Sweets & Desserts

Food for the Gods and the accidental Christmas cake

UPDATE on December 15, 2008: Click here for a much better recipe for food for the gods.

As early as 2004, I have been talking about baking an all-Filipino fruit cake. I remember mentioning it to Jet David during a pre-Christmas EB at their Antipolo house. I wasn’t able to bake one that year. Nor the next. Nor the year after that. Glazed fruits always go out of stock before Christmas and the dream stayed as a dream. Until yesterday. I overbaked my all-Filipino version of Food for the Gods (caught up in my reading) and I was wondering how to salvage it. The solution consisted of a bamboo skewer, a pastry brush, cinnamon-flavored pancake syrup, Bacardi rum, a lot of guts and even more patience.

casaveneracion.com food for the gods

That’s how the baked Food for the Gods looked. Dry. Obviously.

casaveneracion.com Christmas cake

This is how The Accidental Christmas Cake looks today, less than 24 hours after I overbaked my Food for the Gods. I’ll give you the recipe for the Food for the Gods first then explain the miracle that happened after the accident.

Ingredients :

1 cup of unsalted butter (a 225-gram block)
3 eggs
1-3/4 c. of flour
1 tsp. of baking powder
1-1/2 c. of dark brown sugar
1/4 c. of molasses
1 tsp. of vanilla
1-1/2 c. of raisins*
1 c. of cashew nuts**
1 c. of pili nuts**
1-1/2 c. of cinnamon-flavored pancake syrup
3/4 c. of rum

Bake the Food for the Gods:

Reserve 1 tablespoonful of flour.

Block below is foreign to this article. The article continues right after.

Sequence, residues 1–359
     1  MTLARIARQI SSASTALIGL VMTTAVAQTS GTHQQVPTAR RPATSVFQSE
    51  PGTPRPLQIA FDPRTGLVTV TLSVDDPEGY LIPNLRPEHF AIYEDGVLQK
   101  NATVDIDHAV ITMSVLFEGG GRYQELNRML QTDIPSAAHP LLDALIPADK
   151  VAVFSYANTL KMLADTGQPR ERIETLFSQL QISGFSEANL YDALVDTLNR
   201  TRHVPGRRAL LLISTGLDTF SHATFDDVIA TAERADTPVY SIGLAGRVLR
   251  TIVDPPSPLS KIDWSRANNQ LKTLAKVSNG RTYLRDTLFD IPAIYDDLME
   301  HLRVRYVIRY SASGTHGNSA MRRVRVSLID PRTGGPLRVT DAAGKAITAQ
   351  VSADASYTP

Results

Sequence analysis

Sift the remaining flour and baking powder together.

Roughly chop the nuts. Place in a bowl with the raisins. Add the reserved flour and toss to coat every bit. This will prevent the nuts and raisins from sinking to the bottom of the batter while the cake bakes.

Cream (i.e., beat vigorously) the butter and sugar until light (in texture, not in color). Stir in the eggs and molasses, and mix until blended. Add the flour mixture little by little, mixing as you go. When the batter is smooth (it’ll be quite heavy like a brownie batter), stir in the vanilla. Add the raisins and chopped nuts and fold until well distributed. Pour into a 9×13-inch greased and lined baking pan and bake in a 170oC oven.

Okay, the original recipe (got it from my sister-in-law, Ava) says the baking time is 40-45 minutes. I use a convection oven so the baking time would be shorter than that. I removed the pan from the oven after 30 minutes of baking and the Food for the Gods was still overbaked. So, if you want to bake Food for the Gods, test it after about 20 minutes of baking and judge how much longer it needs to stay in the oven.

As soon as the pan came out of the oven, I knew I overbaked the darn thing. I cooled it for about 30 minutes while trying to figure out what miracle to perform.

Make The Accidental Christmas Cake:

I cut an inch off all four sides of the cake (all the too brown parts). I got two large sheets of foil, laid down one piece and placed the trimmed cake on it. Using a bamboo skewer, I pierced the cake in several places, going all the way through the bottom.

Next, I mixed together the cinnamon-flavored pancake syrup with the rum. Using a pastry brush, I brushed the mixture on the cake making sure that instead of dripping off the sides, the mixture was actually soaked by the cake via the skewer-created holes. Place the other sheet of foil on top, roll the edges to seal, and leave to soak.

You can’t make the cake absorb all that syrup and rum at once. I brushed the cake thrice yesterday with one-hour intervals and, by dinnertime, parts of the cake were still dry. So, I pierced it some more, the holes as close as half an inch apart. I brushed it with some more syrup and rum twice before going to bed. Then, this morning, twice more… well, until I consumed the syrup-rum mixture that I prepared and kept in a covered jar in the fridge.

It’s 1.29 p.m. and I just had a piece of my Accidental Christmas Cake after lunch. Oh my gosh, it was sooooo good. :razz:


*The original recipe called for sultanas.

**I substituted cashew and pili nuts (plain roasted and salted, the kind you will find in most supermarkets) for walnuts.

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